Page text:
Photographic art has much to do with what occurs behind the camera.
Like all art, it’s autobiographical in nature. It’s about ‘you’ the artist and what you want to say about your encounter with life. It’s about your personal experience of the human condition and how you chose to express that experience.
In my own case, Wednesday is one of a special group of people who act out my thoughts and feelings in front of the camera. Presently, she is my alter ego projected onto the Gothic buildings and landscape of Romania.
For many, the Gothic genre is a little understood subject.
It has to do with the darker aspect of the human psyche, reeling from the impact of the industrial revolution – a process that has been on-going for two and a half centuries!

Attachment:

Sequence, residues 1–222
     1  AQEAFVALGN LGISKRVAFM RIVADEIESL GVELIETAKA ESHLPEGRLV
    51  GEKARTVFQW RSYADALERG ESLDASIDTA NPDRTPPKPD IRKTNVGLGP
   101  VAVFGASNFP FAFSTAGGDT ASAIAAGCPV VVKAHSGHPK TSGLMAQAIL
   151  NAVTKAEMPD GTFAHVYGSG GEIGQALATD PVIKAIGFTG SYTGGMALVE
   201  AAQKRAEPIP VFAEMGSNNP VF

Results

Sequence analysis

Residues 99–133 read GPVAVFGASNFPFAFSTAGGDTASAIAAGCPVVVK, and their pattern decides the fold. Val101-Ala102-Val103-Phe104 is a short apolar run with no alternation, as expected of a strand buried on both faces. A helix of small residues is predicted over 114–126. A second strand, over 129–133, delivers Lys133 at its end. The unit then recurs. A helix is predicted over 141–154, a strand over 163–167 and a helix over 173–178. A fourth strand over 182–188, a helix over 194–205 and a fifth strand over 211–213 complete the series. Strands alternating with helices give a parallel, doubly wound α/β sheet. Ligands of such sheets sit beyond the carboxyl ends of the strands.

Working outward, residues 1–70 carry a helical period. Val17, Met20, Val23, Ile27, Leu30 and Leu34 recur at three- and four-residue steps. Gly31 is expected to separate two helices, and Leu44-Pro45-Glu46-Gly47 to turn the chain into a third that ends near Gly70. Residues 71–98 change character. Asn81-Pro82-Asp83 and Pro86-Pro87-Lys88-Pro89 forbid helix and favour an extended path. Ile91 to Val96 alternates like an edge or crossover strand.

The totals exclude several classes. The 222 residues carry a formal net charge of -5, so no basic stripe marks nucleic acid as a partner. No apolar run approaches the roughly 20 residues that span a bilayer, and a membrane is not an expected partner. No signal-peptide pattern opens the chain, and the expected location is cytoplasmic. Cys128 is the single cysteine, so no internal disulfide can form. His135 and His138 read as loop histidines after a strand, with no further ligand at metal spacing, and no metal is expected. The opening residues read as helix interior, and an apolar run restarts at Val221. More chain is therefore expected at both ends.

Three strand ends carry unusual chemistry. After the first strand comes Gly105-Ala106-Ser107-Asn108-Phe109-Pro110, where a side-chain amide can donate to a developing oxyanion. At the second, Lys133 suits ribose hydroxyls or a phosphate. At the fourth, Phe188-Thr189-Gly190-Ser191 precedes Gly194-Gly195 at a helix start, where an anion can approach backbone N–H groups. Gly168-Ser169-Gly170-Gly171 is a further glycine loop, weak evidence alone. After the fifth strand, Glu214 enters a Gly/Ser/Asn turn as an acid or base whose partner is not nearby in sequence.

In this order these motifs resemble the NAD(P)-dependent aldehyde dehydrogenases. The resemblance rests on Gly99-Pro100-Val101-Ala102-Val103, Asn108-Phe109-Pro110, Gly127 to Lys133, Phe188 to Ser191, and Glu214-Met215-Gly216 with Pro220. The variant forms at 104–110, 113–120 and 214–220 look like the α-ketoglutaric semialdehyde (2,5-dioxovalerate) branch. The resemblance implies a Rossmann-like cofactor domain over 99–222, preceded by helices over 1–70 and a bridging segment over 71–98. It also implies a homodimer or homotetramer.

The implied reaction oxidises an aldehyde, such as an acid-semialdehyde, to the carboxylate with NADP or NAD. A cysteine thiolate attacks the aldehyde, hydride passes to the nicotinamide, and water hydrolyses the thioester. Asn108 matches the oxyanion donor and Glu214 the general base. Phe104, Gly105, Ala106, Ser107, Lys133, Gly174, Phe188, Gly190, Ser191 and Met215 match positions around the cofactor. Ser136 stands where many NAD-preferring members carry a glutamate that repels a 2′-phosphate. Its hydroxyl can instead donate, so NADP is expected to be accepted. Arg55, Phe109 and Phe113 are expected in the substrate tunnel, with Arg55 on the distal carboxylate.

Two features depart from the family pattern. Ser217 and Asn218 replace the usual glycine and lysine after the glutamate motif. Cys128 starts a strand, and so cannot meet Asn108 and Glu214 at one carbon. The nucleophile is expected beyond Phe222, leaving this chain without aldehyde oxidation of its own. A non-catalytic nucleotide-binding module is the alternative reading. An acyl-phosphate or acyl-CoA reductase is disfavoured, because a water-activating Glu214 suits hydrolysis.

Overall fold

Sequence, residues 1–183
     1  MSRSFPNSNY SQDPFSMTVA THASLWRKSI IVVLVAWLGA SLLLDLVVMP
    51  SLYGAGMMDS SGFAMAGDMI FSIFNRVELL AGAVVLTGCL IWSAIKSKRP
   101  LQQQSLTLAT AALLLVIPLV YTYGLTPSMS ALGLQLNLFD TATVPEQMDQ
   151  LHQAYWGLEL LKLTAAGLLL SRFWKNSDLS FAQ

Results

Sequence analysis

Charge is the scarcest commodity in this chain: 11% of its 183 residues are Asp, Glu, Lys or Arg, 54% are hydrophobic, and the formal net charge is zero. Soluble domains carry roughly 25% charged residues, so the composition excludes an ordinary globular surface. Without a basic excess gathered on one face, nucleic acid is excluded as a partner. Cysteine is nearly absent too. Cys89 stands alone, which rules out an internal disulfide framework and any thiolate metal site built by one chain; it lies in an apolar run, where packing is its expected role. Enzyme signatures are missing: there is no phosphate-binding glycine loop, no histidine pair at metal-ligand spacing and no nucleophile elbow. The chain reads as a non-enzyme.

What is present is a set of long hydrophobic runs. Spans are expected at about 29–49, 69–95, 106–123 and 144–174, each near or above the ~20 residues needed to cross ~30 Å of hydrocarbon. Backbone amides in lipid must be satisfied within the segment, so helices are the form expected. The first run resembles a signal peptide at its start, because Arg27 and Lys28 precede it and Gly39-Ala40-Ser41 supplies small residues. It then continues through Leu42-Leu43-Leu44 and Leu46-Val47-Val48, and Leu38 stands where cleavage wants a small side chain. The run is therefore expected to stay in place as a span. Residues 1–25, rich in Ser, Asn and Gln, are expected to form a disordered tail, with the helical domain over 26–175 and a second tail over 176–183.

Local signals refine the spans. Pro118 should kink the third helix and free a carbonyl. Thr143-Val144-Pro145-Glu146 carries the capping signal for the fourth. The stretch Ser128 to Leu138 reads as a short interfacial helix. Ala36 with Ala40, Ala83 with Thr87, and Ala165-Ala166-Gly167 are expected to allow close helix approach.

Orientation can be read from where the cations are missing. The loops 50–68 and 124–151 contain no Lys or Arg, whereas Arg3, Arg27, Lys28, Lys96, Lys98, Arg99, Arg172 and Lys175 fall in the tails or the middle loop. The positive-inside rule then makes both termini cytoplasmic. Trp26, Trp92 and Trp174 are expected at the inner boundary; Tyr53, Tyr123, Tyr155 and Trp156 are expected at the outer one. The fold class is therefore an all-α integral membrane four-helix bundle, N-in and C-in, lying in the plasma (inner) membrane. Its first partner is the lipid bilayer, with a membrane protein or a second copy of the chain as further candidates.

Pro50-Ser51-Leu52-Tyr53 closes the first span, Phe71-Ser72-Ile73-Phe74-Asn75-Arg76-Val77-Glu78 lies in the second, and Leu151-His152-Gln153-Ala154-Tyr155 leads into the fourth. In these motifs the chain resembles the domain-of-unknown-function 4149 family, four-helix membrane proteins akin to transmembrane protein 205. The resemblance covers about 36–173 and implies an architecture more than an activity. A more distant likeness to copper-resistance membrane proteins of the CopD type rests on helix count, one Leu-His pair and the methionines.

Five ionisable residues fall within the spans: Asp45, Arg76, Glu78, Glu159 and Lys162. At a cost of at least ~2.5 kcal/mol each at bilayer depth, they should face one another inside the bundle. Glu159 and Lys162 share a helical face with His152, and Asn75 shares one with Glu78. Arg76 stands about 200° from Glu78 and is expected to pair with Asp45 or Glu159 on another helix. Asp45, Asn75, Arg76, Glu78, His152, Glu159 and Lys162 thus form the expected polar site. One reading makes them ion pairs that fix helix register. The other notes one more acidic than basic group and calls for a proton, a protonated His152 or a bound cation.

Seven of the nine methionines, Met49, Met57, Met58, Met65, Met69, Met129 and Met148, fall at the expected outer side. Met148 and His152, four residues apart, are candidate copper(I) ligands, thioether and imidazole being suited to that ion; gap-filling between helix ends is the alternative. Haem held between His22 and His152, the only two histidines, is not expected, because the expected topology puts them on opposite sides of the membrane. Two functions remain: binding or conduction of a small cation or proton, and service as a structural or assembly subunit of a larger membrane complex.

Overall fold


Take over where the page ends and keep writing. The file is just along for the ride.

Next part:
In Romania there are many reminders of what preceded modern industry. There are many relics from a time before the machine age and the subsequent re-ordering of human society to service the needs of a mass market.
It’s easy to romanticise this bygone era – as easy as it is t0 take clichéd images of Bran Castle, or the crooked Medieval lane-ways of Brasov.
Yet we should never forget that human life has always been a struggle.
Regardless of where or when our lives unfold, there is always the challenge of locating the things we all need. Love, nurture, emotional security, a sense of connection……...
The Gothic genre is a reminder that life is not always a bed or roses.
Life is both beautiful and sad. It exposes us to ecstatic pleasures and the agony of our mortal existence and we must navigate these as best we can.
Art has much to do with opening doors. As if searching for something, we are moved to find an entrance that opens.
As if stood outside a gateway, we are motivated to knock upon ourselves in the hope of finding what it means to be human.